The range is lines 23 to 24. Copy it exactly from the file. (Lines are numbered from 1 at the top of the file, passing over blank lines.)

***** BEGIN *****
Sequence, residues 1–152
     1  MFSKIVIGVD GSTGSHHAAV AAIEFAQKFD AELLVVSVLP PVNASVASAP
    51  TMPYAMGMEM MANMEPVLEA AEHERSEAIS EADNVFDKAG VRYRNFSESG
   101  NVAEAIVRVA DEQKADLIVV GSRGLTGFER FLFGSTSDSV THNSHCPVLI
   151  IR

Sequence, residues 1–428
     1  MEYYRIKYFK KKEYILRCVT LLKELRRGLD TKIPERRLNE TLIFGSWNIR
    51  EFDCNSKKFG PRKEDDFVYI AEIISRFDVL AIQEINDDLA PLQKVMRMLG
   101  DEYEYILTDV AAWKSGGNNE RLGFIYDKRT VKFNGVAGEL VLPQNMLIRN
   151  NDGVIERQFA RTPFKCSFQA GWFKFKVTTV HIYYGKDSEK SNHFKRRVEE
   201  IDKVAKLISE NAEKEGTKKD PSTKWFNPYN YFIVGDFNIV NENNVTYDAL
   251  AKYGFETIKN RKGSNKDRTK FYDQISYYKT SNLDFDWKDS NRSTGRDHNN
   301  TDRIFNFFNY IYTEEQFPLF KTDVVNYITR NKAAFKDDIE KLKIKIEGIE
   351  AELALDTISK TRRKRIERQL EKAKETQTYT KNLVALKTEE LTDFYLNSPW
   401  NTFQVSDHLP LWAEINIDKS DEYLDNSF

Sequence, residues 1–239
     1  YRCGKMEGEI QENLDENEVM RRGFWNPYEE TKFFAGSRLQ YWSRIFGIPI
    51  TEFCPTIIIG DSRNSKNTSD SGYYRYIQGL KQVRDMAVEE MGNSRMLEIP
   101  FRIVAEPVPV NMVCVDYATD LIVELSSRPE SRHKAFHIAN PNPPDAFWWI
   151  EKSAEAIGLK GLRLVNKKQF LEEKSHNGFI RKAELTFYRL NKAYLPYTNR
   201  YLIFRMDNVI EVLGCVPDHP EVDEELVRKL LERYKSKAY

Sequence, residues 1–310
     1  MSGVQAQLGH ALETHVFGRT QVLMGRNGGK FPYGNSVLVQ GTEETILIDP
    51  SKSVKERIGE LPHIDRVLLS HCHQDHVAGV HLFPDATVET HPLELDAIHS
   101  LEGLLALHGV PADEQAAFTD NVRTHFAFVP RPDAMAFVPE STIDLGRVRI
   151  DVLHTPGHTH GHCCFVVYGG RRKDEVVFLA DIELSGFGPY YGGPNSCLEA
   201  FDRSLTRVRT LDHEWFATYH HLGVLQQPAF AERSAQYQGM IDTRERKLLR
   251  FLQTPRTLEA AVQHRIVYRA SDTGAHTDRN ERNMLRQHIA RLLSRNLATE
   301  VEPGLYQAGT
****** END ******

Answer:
     1  MSGVQAQLGH ALETHVFGRT QVLMGRNGGK FPYGNSVLVQ GTEETILIDP
    51  SKSVKERIGE LPHIDRVLLS HCHQDHVAGV HLFPDATVET HPLELDAIHS